The Copper Falls Mine was established near Owls Creek in Keweenaw County in the 1840s at the site of a prehistoric mining pit. The mine operated for over 40 years and produced, according to a Daily Mining Gazette article from 1956, “12,843 tons of ingot copper,” and employed “mostly Cornish, Finnish, and Irish” workers until its closure in 1901. The old hoist at the Copper Falls Mine was located by Michigan Tech geology student  Robert “Speed” Burns in the early 1950s and eventually he and Dr. Joseph P. Dobell, geology professor at Michigan Tech, proposed a project to remove the 11-ton steam hoist. The Calumet and Hecla Mining Company, which then owned the property on which the hoist resided, agreed to the project following a safety inspection. The company also supported the project through the donation of safety equipment such as hard hats and headlamps.

The adit entrance to the Copper Falls mine. (MTU Neg 03072)

Over the course of 8 months from October 1954 to spring 1955, students from the Sigma Rho Fraternity lived the life of miners working to remove the 19th century hoist from its placement eight and a half levels (nearly 900 feet) below the surface. According to a DMG article about the project, access was made through an “air ventilation adit that intersected the main Owls Creek shaft at the second level.” However, the students faced two big problems: no skip, and the need to lay 600 feet of track. Ingenious Tech students that they were, the Sigma Rho students constructed a skip with wheels out of scraps found at the site and laid the 600 feet of track themselves after backbreaking work that involved filling in washouts, erecting trestles, and replacing rotten ties.

 

Part of the hoist as it looked before being dismantled. (MTU Neg 03071)

Despite battling the mile and a half trudge from the highway through snow to reach the work site and eventually combating rising waters in the subterranean levels of the mine during the spring melt, the students had risen the ancient hoist above ground in its near entirety by spring. Miraculously, not a single person was injured throughout the project and only a few pieces of equipment were lost or damaged. What the students were left with, beyond the prize of the hoist itself, was an invaluable hands on experience of “mining out” the old hoist from the depths of a historic mine.

So what become of the hoist itself? The Daily Mining Gazette article from 1956 merely states that at that time the Sigma Rho Fraternity was waiting for an offer from the “college or any group interested in having it for display purposes.” Do you know what became of the hoist? Share your story here!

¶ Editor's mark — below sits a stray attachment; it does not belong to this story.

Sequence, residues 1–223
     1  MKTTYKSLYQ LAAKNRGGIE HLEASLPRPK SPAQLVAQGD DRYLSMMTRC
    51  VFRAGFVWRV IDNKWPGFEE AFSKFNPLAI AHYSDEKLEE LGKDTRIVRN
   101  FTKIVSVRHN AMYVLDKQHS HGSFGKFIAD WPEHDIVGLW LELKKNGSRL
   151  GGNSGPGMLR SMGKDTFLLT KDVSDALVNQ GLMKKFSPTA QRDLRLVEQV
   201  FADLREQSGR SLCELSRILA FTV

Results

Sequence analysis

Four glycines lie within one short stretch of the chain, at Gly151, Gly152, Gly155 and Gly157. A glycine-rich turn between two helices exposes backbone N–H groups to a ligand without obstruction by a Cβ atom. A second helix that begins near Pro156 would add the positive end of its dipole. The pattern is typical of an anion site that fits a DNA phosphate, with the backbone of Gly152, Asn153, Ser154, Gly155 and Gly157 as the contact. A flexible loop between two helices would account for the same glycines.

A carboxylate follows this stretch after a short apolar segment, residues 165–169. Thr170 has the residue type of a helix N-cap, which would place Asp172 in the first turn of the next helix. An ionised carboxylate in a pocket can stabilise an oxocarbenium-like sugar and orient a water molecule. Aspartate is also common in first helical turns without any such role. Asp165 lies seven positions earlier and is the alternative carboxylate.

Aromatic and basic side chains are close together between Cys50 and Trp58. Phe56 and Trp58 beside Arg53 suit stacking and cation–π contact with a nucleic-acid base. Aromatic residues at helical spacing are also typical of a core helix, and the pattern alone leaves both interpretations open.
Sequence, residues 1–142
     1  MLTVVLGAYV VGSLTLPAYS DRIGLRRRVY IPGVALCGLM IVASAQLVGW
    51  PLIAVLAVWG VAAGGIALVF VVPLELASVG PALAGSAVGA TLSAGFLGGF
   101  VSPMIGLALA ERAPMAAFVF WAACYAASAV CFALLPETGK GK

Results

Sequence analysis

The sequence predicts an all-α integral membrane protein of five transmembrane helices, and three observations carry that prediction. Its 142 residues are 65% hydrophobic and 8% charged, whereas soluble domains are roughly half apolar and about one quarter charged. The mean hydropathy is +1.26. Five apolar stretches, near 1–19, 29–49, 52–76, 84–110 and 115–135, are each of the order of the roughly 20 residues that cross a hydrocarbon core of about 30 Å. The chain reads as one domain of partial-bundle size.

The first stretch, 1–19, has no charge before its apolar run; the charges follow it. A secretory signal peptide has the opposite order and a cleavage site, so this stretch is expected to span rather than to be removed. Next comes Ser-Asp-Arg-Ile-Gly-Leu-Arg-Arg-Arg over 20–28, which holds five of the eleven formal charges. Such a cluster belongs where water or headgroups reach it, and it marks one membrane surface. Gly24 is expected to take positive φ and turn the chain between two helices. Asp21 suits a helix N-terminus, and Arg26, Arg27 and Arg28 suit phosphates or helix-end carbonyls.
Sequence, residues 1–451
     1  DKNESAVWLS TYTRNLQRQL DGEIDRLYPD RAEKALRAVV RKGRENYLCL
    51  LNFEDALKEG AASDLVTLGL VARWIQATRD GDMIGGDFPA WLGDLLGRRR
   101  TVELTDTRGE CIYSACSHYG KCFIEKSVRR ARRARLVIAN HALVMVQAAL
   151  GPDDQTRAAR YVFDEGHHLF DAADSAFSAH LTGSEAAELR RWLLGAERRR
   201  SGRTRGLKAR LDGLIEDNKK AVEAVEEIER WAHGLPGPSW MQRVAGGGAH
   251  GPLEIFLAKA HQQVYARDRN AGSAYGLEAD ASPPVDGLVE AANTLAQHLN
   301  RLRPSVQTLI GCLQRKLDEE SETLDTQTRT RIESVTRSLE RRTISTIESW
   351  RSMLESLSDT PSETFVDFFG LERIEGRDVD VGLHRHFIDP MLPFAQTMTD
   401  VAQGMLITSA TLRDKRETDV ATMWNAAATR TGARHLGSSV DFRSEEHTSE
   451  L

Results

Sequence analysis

Flashback Friday: Lake Superior Performance Rally

Image of a rally car driving by some spectators.
Lake Superior Performance Rally 2000.

This weekend the Copper Country will be alive with the sounds of revving engines and screeching tires, as the Lake Superior Performance Rally (LSPR) marks its 25th year. The event takes place October 18-19 in various stages throughout the Keweenaw. Today’s Flashback Friday zooms back to October 2000 as an unidentified driver of car 21 passes a group of spectators.

Rally has deep roots in the Upper Peninsula, with 2019 marking 70 years of the sport. In 1949 a time-speed-distance rally called the Press on Regardless started up. 20 years later the event became a full stage rally event, with recognition as a round in the World Rally Championship coming a few years later in 1973. While Press on Regardless opted out of stage rally and returned to its time-speed-distance history, the first Lake Superior Performance Rally was held in the Copper Country in 1994.

For the past few decades, LSPR has been the ultimate round on the American rally circuit as well as the final event of the season. Traditionally held in October, the spectacular fall colors and the possibilities of all kinds of weather events (even snow!…though hopefully not this year…) makes for a unique experience for drivers, navigators, and spectators. Viewing stages near sharp corners can be quite dangerous in certain weather, turf, and speed conditions, so be sure to stay alert at all times! The LSPR is a world-renowned event and a favorite for many, with the popular street stage in downtown Houghton allowing fans to get very close to the action. 

More information about LSPR 2019 can be found on the Lake Superior Performance Rally website.

Flashback Friday: Homecoming

Today’s Flashback Friday offers a little homecoming and gridiron nostalgia for your weekend. Very few homecoming festivities on any campus across the country can rival Michigan Tech’s for zaniness, uniqueness, and all-around fun! In addition to the sacred gridiron tradition of the Michigan Tech Huskies homecoming football game, the celebration features the crowning of the homecoming royalty, a cardboard boat race on the Portage Canal, competitive challenges, and many other events that promote Husky Spirit.

Homecoming queen candidates, 1963.
Homecoming queen candidates in the parade, 1963.

The crowning of the homecoming royalty is one of the most anticipated aspects of homecoming week. The photo in the insert was taken of the homecoming queen and candidates at the 1963 parade by Roger La Mothe. Shown on the float from left to right we have Maria Mustonen, Peggy Foley, Kristine Rowbottom, Mary Lou Junttila and Barbara Perlich.

In celebration of the football game, the main Flashback Friday photograph shared at the front of this post takes us to September 1958 when the Michigan Tech football coaches were hard at work making a game plan for the upcoming Mankato State game. At left, Head Coach Omer LaJeunesse shows a new play to Back Coach Verdie Cox and End Coach Bill Lucier. LaJeunesse indicated that he might unveil an updated version of his standby offense based on the material at hand.